I just had an interview where I was asked to create a memory leak with Java.

Needless to say, I felt pretty dumb, having no idea how to start creating one.

What would an example be?

  • 51
    Ironically, the harder question for every non-trivial Java program is how not to create a memory leak! May 12, 2021 at 15:00
  • 4
    Keep adding new objects to a container, but forget to add the code that removes them or implement partially working code that doesn't clean up all of them as the program progresses.
    – Galik
    Jul 23, 2021 at 4:58
  • 8
    The most common memory leaks in Java server systems are in shared state -- caches and services which are shared between requests. Many of the answers here seem to be over-complex, ignoring this obvious and common area. One rather common leak pattern is probably an application-scoped Map with request-scoped keys (eg, some kind of hand-rolled cache).
    – Thomas W
    Feb 3, 2022 at 2:37
  • Java usually has Connect, Process, Close to accomplish work. Failure to Close is sometimes reported/considered to be a memory leak. Another clue can be found in General Log, if you see CONNECT and no matching Quit for the process id. Apr 3 at 12:42

61 Answers 61


I think that a valid example could be using ThreadLocal variables in an environment where threads are pooled.

For instance, using ThreadLocal variables in Servlets to communicate with other web components, having the threads being created by the container and maintaining the idle ones in a pool. ThreadLocal variables, if not correctly cleaned up, will live there until, possibly, the same web component overwrites their values.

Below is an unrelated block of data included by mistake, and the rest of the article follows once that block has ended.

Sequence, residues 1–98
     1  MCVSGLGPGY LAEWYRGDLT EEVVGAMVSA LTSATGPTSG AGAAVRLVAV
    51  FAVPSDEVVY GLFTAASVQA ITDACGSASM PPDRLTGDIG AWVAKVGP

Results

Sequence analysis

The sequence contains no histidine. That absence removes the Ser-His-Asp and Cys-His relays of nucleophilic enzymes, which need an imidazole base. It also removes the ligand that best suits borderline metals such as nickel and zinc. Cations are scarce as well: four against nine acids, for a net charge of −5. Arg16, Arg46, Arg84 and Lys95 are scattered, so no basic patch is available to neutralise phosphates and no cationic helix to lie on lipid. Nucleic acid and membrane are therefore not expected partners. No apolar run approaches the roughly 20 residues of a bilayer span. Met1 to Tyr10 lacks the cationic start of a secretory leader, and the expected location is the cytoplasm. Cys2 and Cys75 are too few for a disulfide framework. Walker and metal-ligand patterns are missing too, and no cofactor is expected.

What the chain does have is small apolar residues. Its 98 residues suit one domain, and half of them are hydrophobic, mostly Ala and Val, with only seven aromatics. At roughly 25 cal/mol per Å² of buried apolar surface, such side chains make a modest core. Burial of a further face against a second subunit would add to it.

Of course, once identified, the problem can be solved easily.


There are many different situations memory will leak. One I encountered, which expose a map that should not be exposed and used in other place.

public class ServiceFactory {

    private Map<String, Service> services;

    private static ServiceFactory singleton;

    private ServiceFactory() {
        services = new HashMap<String, Service>();

    public static synchronized ServiceFactory getDefault() {

        if (singleton == null) {
            singleton = new ServiceFactory();
        return singleton;

    public void addService(String name, Service serv) {
        services.put(name, serv);

    public void removeService(String name) {

    public Service getService(String name, Service serv) {
        return services.get(name);

    // The problematic API, which exposes the map.
    // and user can do quite a lot of thing from this API.
    // for example, create service reference and forget to dispose or set it null
    // in all this is a dangerous API, and should not expose
    public Map<String, Service> getAllServices() {
        return services;


// Resource class is a heavy class
class Service {


I want to give advice on how to monitor an application for the memory leaks with the tools that are available in the JVM. It doesn't show how to generate the memory leak, but explains how to detect it with the minimum tools available.

You need to monitor Java memory consumption first.

The simplest way to do this is to use the jstat utility that comes with JVM:

jstat -gcutil <process_id> <timeout>

It will report memory consumption for each generation (young, eldery and old) and garbage collection times (young and full).

As soon as you spot that a full garbage collection is executed too often and takes too much time, you can assume that application is leaking memory.

Then you need to create a memory dump using the jmap utility:

jmap -dump:live,format=b,file=heap.bin <process_id>

Then you need to analyse the heap.bin file with a memory analyser, Eclipse Memory Analyzer (MAT) for example.

MAT will analyze the memory and provide you suspect information about memory leaks.


An example I recently fixed is creating new GC and Image objects, but forgetting to call dispose() method.

GC javadoc snippet:

Application code must explicitly invoke the GC.dispose() method to release the operating system resources managed by each instance when those instances are no longer required. This is particularly important on Windows95 and Windows98 where the operating system has a limited number of device contexts available.